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An aptitude test or psychometric test is a frequent component of interviews and evaluations in the modern day. Tests of cognitive capacity or personality are known as psychometric tests, and they come in various formats.

You will be asked a series of questions and will be required to submit your answers within a certain time frame. They are now more often administered online. Recruiting firms prefer to utilize them to narrow down enormous candidate pools to a much smaller, more manageable pool of applicants. Therefore, many candidates may never make it past this round.

What is a psychometric test?

As a cognitive ability test, a psychometric test is used to determine a candidate’s potential for success in a certain profession or industry. Psychometric tests are typically taken online but may also be taken in person.

Particularly in degree scheme applications, they have become a regular evaluating block. Each of the tests is generally done in combination with the other depending on whatever field the candidate is applying for.

Different sets of psychometric tests?

The purpose of psychometric testing is to simplify the recruiting process and identify the best candidate quickly. According to research, high scores on these tests correlate with high-quality performance in the position. The tests are regarded as reliable indications of candidates’ abilities and appropriateness. Psychometric testing can take many different forms (numerical, mechanical, logical, verbal, etc.).

  • Numerical Reasoning:- Numerical reasoning tests are meant to analyze facts and develop conclusions using fundamental mathematical principles. These questions test your understanding and application of ratio, percentage and number sequences, as well as your ability to evaluate data and do financial analysis.
  • Abstract Reasoning:- The capacity to understand connections between forms and within patterns is measured through abstract thinking exams. They don’t need any numerical or verbal analysis, but they do put your Reasoning and creative thinking skills to the test, as well as your speed and efficiency.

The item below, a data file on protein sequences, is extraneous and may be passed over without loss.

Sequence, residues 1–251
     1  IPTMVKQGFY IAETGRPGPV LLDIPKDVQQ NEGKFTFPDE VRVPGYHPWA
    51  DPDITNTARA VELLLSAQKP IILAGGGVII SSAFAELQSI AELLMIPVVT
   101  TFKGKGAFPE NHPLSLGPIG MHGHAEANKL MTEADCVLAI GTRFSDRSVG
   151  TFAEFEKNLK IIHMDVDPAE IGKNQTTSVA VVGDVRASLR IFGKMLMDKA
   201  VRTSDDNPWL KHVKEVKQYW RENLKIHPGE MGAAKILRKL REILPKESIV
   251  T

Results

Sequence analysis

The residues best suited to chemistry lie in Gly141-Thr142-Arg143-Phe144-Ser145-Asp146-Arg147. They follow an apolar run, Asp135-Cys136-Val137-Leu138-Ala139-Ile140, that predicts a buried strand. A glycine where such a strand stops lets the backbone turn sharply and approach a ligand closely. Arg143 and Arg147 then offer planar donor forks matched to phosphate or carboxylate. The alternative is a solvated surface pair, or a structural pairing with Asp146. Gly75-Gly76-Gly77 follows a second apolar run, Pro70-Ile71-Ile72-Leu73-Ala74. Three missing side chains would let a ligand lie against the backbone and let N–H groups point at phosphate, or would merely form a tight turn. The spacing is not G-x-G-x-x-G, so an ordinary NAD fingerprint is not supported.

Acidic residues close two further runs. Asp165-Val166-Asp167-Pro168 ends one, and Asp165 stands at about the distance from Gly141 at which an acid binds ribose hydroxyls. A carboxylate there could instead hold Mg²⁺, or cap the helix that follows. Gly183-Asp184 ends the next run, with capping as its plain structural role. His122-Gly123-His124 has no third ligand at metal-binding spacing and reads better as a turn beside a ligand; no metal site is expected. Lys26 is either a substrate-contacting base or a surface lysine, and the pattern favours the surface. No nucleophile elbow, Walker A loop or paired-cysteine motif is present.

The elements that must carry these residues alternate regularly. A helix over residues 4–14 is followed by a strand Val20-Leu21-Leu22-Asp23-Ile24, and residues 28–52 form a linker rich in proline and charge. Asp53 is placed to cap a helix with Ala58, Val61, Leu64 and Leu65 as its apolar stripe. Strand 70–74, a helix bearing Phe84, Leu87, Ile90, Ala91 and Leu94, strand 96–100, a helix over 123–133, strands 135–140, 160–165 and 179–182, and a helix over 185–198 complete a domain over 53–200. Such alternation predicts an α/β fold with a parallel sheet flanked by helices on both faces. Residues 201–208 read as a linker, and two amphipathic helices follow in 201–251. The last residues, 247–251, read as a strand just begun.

• Verbal tests:- Verbal tests measure your ability to understand and comprehend written texts. Candidates are given a small extract of a work to read and are then asked questions on its substance. Generally, you will be given a sequence of statements that draw inferences, and you will be asked to determine if each assertion is ‘True,’ ‘False,’ or ‘Cannot Say.’
  • Logical Reasoning:- From a list of options, candidates must choose the next figure in the sequence. Both diagrammatic and numerical reasoning evaluations are frequently used in these examinations. Logical reasoning exams measure your ability to comprehend forms, numbers, and patterns using nonverbal material.
  • Decision-making based on a situation:- In the workplace, situational judgment exams are designed to examine how you respond to certain scenarios. A series of hypothetical scenarios allows employers to determine whether or not your behaviour and attitude align with their expectations and ethos.

How to prepare for these tests?

Practising online will help you become familiar with the test’s scheduling. As a result, you will become more efficient at setting the correct pace and completing the exam quickly and accurately.

Swayam has offered a test catalogue with only a time investment, which you can be browsed according to aptitude test type, publisher, employer or industry.

Wrapping up

There is a time restriction associated with every form of psychometric assessment. Depending on the exam type and provider, test length and time allotment will differ.

It is important to be mentally agile when taking psychometric tests, as they measure mental agility.

In tests, when the number of questions appears to be too high for the time allotted, it’s possible that the exam was designed to be ambitious. But don’t rush to finish the test.